Project Links and Descriptions



Lana
Carnel
 Locating, isolating and tracking the objects of interest
are a key step in visual scene analysis in surveillance. Reflection,
variations in appearance, clutter, and occlusion create challenges
in identifying the object of interest robustly. Cues (or features)
such as color, motion, size and dynamics must be used in tandem, to
effectively decide what is relevant and discard the unnecessary information
based on the goal at hand. In this work, we look at the target identification
and tracking problem from the point of view of building surveillance
applications and address the aforementioned issues by using multiple
layers of segmentation. The approach involves intelligent feature selection
and robust combination of these features to locate and track these
objects. We demonstrate the results of our implementation on videos
and images taken both in controlled and uncontrolled environments. 

Final
Paper
Final Poster 




Murphy
Gant 
Camera sensor networks are attracting for environment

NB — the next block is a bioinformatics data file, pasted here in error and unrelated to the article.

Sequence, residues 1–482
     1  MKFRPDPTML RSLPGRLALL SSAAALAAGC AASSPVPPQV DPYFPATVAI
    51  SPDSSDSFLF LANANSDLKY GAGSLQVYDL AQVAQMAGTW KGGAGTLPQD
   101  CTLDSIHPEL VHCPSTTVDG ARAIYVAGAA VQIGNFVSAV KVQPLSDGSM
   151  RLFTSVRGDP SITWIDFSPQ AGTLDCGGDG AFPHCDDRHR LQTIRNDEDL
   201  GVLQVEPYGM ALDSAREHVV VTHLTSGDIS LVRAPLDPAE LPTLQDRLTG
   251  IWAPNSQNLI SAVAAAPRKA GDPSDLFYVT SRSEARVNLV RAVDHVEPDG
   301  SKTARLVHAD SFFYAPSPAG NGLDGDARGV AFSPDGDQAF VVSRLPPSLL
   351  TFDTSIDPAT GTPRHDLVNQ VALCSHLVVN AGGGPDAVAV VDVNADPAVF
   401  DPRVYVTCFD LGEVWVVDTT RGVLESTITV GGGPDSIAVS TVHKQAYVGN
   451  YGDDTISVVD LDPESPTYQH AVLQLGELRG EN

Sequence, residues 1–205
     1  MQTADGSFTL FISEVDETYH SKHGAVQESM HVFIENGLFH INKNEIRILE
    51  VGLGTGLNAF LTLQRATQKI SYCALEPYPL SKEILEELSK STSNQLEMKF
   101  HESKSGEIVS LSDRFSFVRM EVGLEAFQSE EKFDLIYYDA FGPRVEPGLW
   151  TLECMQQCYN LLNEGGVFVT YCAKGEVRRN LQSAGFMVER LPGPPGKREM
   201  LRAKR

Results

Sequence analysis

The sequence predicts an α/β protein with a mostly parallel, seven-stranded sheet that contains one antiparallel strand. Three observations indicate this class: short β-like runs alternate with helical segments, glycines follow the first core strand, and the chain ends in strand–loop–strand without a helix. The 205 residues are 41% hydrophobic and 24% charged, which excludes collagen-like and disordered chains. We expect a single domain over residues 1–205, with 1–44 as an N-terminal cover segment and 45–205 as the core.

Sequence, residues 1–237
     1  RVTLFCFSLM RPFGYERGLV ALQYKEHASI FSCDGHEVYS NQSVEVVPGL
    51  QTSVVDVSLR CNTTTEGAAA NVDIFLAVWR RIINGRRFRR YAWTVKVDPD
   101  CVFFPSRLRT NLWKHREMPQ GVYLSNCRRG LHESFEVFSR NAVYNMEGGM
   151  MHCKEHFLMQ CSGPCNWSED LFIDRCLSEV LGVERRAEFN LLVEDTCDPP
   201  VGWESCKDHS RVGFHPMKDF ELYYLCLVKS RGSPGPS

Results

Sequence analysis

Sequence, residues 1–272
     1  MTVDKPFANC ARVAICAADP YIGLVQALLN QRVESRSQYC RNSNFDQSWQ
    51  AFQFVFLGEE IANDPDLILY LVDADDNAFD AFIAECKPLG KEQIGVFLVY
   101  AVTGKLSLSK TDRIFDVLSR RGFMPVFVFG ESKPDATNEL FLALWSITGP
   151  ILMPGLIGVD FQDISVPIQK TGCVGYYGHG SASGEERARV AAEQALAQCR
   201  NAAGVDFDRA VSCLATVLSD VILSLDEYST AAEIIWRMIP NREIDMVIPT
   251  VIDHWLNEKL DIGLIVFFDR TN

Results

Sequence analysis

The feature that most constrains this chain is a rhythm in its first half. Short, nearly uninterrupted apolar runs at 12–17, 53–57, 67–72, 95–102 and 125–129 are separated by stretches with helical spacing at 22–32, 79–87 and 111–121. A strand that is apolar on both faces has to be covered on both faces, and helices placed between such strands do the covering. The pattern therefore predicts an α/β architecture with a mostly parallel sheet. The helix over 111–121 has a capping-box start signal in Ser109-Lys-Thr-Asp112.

monitoring and object tracking; however, the main issue is effectively
using the computation power of each camera. This paper investigates
cheap cameras, with some compuation ability of basic information processing
and some communication abilities. Through the functionalities of VisualSense,
a modeling and simulation framework for wireless and sensor networks
that builds and leverages on Ptolemy, one is not just confined to existing
base classes or libraries of subclasses that provide specific channel
and node models, but is open to create their own composite actors and
Java classes for simulation. Algorithms were created to handle such
issues of camera management, visibility, and energy consumption and
this research focused on the simulation of a camera network that monitored
the motion of a single object in a level of Cory Hall. Implementation
of reliable camera management techniques through the use of dualstaged
state machines and intuitive procedures reinforced proposed solutions;
however, there were tradeoff factors such as between communication
and power consumption that were associated with trying to minimize
or maximize certain elements of the system. Although this research